While not as compelling as the above opportunity cost argument, paying off your mortgage early also eliminates the associated tax benefits. With an outstanding mortgage, you can deduct the related interest payments. If it’s your primary residence, you can deduct this interest (up to $1 million in primary mortgage debt) via the Mortgage Interest Deduction. If it’s an investment property, you simply deduct the mortgage-related interest as a business expense on your Schedule E.

    Regardless of how you deduct your interest payments, paying off your mortgage early eliminates those benefits.

    Disadvantage 3: Lost Hedge Against Inflation

    Lastly, long-term mortgages provide an outstanding hedge against inflation. When you secure a 30-year mortgage, you lock in the same principal and interest payments for that entire loan term (NOTE: your insurance and property tax escrow payments will increase, though). For instance, say your principal and interest totals $1,000. With inflation, currency devalues. In simple terms, that means $1 ten years from now is worth less than $1 today.

    From a mortgage perspective, this means that the $1,000 you’re paying in principal and interest today will be less valuable in the future. Or, put differently, you’ll pay down your mortgage in the future with more inexpensive dollars than today. That same $1,000 will simply be worth less. As a result, paying off your mortgage early eliminates that long-term hedge against inflation. 

    Wealth Building vs Stability

    Countless personal considerations exist when deciding whether or not to pay off your mortgage early. But, broadly speaking, we can generalize that the decision comes down to two priorities. That is, do you prefer building long-term wealth, or do you want stability and peace of mind?

    Let’s use the example of a 30-year, $200,000 mortgage at 3.5%. If you make all 30 years of payments on time, you’ll eventually pay a total of approximately $97,500 in interest. But, let’s now fast forward to the 15-year mark of this mortgage. By that time, you’ll have an outstanding balance of roughly $125,000. The question becomes, are you better off using $125,000 in cash to A) pay off that mortgage, or B) make other long-term investments?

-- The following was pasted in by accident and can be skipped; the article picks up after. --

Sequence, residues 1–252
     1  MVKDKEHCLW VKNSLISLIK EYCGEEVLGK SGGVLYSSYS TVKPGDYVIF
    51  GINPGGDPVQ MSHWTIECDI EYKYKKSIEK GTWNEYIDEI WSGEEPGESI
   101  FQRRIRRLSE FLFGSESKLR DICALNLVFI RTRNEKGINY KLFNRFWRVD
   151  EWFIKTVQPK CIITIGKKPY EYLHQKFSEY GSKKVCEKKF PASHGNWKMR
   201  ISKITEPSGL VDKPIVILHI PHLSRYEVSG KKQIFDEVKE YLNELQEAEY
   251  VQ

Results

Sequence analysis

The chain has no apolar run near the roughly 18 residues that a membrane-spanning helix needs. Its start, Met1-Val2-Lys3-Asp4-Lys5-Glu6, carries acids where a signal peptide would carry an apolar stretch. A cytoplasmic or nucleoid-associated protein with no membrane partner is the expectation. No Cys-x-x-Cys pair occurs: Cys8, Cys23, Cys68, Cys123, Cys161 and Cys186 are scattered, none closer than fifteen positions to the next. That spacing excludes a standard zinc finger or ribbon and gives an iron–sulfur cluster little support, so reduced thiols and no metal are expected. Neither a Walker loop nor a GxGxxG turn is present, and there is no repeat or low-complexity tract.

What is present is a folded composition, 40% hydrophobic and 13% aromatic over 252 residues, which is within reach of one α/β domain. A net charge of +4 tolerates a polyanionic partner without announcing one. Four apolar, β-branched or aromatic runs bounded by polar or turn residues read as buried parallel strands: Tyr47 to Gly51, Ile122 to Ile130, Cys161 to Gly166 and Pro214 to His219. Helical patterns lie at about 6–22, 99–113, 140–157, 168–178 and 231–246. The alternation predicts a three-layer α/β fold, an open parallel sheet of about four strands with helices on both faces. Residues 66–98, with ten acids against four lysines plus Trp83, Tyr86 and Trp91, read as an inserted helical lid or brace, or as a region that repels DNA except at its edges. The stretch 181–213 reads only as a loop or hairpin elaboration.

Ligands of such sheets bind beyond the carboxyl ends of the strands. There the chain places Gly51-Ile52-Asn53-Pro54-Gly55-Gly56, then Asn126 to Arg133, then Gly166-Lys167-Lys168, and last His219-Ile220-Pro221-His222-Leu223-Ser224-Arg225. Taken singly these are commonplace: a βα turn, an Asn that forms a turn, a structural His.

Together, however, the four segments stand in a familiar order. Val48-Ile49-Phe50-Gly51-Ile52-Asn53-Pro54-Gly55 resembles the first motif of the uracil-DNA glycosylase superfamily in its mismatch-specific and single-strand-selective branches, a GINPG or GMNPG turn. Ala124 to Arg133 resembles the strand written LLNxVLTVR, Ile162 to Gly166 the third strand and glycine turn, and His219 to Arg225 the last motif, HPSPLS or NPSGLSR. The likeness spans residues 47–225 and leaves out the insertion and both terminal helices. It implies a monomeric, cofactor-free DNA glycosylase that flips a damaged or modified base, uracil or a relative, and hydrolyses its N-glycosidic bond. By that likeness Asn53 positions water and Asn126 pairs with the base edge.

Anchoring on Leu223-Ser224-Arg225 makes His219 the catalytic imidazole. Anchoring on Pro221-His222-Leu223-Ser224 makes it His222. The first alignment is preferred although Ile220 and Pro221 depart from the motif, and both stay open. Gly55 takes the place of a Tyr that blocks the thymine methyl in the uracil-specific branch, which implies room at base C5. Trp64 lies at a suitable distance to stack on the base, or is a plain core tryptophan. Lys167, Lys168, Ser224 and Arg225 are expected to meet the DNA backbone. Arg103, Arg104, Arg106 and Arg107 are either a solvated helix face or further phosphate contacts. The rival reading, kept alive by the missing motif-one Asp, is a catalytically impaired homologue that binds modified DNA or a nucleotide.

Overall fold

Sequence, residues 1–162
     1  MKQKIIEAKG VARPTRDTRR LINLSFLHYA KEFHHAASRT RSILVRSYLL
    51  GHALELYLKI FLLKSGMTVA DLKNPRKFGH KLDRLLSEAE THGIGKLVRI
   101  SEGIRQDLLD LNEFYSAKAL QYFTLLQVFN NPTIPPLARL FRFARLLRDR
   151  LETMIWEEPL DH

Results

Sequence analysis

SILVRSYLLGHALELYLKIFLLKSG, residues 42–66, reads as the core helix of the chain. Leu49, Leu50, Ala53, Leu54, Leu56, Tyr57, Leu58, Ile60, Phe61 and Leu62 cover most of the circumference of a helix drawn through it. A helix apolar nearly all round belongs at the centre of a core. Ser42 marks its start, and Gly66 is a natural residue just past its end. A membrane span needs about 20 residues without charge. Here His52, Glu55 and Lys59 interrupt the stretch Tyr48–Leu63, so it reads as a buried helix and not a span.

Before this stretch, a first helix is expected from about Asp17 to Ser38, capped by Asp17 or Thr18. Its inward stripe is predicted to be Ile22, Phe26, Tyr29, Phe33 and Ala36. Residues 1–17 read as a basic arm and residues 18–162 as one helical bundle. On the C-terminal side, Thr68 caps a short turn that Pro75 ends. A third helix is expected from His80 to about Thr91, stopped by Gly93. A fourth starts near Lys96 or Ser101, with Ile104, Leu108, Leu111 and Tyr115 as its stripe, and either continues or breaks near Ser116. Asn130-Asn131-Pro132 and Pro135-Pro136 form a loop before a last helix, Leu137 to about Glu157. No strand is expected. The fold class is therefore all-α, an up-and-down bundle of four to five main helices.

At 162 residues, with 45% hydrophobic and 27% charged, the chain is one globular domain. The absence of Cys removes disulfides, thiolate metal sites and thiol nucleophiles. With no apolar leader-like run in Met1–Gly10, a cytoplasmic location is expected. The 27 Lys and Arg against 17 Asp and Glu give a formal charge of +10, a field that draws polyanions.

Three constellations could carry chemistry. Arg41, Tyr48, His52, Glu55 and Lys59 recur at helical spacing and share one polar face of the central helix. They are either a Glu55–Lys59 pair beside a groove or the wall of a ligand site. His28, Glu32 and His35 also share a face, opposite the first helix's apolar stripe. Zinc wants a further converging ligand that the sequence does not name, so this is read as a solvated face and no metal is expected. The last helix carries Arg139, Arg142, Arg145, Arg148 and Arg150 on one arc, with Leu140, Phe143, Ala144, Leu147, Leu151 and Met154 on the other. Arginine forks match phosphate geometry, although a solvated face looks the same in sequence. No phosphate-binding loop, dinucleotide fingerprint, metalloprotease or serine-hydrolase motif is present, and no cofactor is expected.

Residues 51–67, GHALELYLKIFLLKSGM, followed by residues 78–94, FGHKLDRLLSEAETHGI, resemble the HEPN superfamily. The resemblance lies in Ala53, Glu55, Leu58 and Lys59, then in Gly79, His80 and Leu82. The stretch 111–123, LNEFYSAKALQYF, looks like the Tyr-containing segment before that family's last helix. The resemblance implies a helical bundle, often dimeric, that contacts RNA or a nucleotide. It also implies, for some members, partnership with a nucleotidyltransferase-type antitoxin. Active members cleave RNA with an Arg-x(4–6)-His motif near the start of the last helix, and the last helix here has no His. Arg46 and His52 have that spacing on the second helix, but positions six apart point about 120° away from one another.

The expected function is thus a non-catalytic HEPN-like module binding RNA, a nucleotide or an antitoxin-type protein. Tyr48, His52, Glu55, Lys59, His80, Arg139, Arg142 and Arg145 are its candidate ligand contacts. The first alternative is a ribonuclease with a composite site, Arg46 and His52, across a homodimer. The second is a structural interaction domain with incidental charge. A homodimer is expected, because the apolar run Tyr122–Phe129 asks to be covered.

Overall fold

If you pay off the mortgage, you save roughly $36,500 in interest payments over the remaining 15 years of the mortgage. Alternatively, let’s say you invest that $125,000 in an S&P-tracking index, averaging 6% per year (a conservative return over a 15-year period). In this situation, you’ll earn just over $68,000 – $31,500 more than you effectively earn by paying off your mortgage early. And, when you combine this growth with the tax-related savings from your mortgage interest deductions, the returns are even better.

    But, as attractive as these hypothetical stock returns are, they are not guaranteed. Accordingly, for homeowners prioritizing stability and peace of mind, the guaranteed 3.5% return from paying off your mortgage may make more sense than the potential 6% (or greater) return from investing those funds in the stock market (or another investment opportunity).   

    Curtail and Refinance Your Mortgage: A Compromise

    Fortunately, the decision to pay off your mortgage early isn’t an all-or-nothing one. For instance, say you have $200,000 and 20 years remaining on a 3.5% mortgage. And, conveniently, you have $200,000 sitting in your bank account. Yes, you can use that money to pay off your entire mortgage.

    But, alternatively, you could curtail – or pay down – a portion of your mortgage, refinance the lower balance, and invest the difference. In this example, you could use $100,000 to curtail the loan then refinance the remaining $100,000 balance into a shorter-term, lower-interest mortgage. In this fashion, you reduce your total interest payments while shortening the repayment period.

    And, this compromise also frees up the remaining $100,000 for another investment (e.g. stocks, down payment on an investment property, capital to start a new business, etc.). So long as you can command higher returns than your initial mortgage, you’ll have the benefits of investment growth with these remaining funds. Yes, these investment returns won’t be guaranteed, but by compromising, you reap the benefits of A) paying off your mortgage, and B) investing the remaining funds in higher-return options.

    Final Thoughts

    As stated, it’s difficult to say with complete certainty whether or not you should pay off your mortgage early. Rather, you need to consider your own unique financial and life situation. However, paying off a mortgage early generally increases your peace of mind, whereas investing those funds elsewhere typically results in greater long-term wealth.



    About The AuthorMaurice “Chipp” Naylon spent nine years as an infantry officer in the Marine Corps. He is currently a licensed CPA specializing in real estate development and accounting.